Do you have hand pain and fibromyalgia? Pain in the extremities is common in fibromyalgia and sometimes overlooked due to the other common pain areas of the fibro body. It might be hard to distinguish the difference between pain that is caused from fibromyalgia, nerve pain or pain that stems from another condition like any of the various types of arthritis.
What Does Hand Pain And Fibromyalgia Feel Like?
Of course you might have both fibro and arthritis type of pain. The hand pain might be coming from another condition, but in the interest of hand pain and fibromyalgia and the many questions that arise, we will focus on hand pain caused by fibromyalgia.
With fibromyalgia pain, it will be more related to nerves, tendons and trigger points. However, there can be other related causes as well.
Fibro related hand pain can occur when using or not using the hands. Pain can occur when simply reaching for and picking up an object. Even a light object. Because the muscles in our hands are different from that of our legs or arms, the pain may likely feel like it is more in the bones of the fingers rather than the muscles and tendons of the joints. This light touch sensation can also stem fromallodynia.
Change in blood flow to the hands or nerve pain can also be exacerbating factors. You may have heard that blood vessels can be affected in fibromyalgia. This can also occur more in the extremities in some cases. Read more here regarding the Blood Vessel connection.
Fairly often, what you feel initially is more of a “sensation” rather than immediate pain. You may then have a radiating type of pain, and again this can travel along the nerves, tendons, ligaments and surrounding joints. This can cause a weakness in the hands, traveling up to the wrist, forearm and shoulder, depending on any trigger points involved.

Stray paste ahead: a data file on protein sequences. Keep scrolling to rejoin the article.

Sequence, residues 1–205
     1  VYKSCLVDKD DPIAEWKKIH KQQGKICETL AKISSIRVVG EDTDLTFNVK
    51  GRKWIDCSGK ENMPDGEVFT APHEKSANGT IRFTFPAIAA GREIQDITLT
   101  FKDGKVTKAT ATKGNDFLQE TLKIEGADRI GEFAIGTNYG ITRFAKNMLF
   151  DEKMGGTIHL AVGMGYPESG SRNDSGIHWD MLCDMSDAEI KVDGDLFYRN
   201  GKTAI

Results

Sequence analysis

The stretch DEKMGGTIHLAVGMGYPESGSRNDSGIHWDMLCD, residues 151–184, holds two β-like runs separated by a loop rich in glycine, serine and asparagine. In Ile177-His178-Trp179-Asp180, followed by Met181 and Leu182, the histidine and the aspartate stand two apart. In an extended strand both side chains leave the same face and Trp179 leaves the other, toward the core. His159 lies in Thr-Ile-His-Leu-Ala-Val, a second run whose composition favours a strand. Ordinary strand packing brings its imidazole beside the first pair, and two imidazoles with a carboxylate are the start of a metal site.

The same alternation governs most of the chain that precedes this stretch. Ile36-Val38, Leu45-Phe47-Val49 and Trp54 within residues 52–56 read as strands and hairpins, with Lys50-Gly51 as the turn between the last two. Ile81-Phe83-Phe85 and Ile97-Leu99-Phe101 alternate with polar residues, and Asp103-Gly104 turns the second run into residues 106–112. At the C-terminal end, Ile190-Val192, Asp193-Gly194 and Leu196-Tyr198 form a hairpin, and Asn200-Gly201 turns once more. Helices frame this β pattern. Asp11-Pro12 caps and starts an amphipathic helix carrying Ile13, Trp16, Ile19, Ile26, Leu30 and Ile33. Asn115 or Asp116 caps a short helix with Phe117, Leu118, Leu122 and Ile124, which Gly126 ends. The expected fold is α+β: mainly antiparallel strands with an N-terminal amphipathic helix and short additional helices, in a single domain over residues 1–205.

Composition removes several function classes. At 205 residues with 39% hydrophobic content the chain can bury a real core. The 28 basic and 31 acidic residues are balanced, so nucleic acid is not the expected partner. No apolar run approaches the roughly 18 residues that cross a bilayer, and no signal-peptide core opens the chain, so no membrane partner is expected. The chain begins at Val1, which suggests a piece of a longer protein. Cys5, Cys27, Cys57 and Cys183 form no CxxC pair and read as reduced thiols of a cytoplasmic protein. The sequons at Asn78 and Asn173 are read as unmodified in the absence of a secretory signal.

Often times, the pain actually starts in the upper arm or shoulder, and later radiates down to the hands. The underside of your forearm may feel sore and even ‘swollen”. This can exacerbate any co-condition such as carpal tunnel syndrome.
Trigger points may be latent or active. When they are active and radiating is when you feel those odd sensations and radiating type of pains along the entire arm, bicep area and then into the forearm and hands. Again, we need to avoid too much repetitive motion when these areas are sore and feeling bruised. Light massage or myofascial release on the entire upper body can be helpful.
You might also be suffering with Carpal Tunnel Syndrome, which can extend from the forearms down into the wrist and hands.
Difficulty with Activities of Daily Living?
As noted, repetitive use can increase fibromyalgia hand pain. Daily activities such as writing and/or typing on a computer or cell phone can easily exacerbate pain. Lifting objects and overcompensating by using the hands or fingers more than the arms or upper body strength can also increase pain.
Recent research has also shown a connection between fibromyalgia and extremity pain. The blood flow in the hands for instance, can be shunted away from the hands when movement occurs in another part of the body. I have seen this during exercise or daily activities of living.
This can also occur when we are exposed to toxins in the environment or weather change. For our exercise and movement protocols, I always suggest wearing gloves when the hands are cold during workouts and at bedtime. Yes, keep a light pair of gloves by your bed at night, cold hands can be another aggravating factor to prevent you from being able to fall asleep.